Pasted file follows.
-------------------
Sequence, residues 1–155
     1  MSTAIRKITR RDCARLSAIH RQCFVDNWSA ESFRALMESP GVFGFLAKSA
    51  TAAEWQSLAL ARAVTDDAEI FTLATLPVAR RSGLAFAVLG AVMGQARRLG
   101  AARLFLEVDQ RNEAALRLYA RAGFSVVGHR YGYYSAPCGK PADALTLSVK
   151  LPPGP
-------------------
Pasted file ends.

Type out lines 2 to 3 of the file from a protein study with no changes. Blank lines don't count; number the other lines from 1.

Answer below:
     1  MSTAIRKITR RDCARLSAIH RQCFVDNWSA ESFRALMESP GVFGFLAKSA
    51  TAAEWQSLAL ARAVTDDAEI FTLATLPVAR RSGLAFAVLG AVMGQARRLG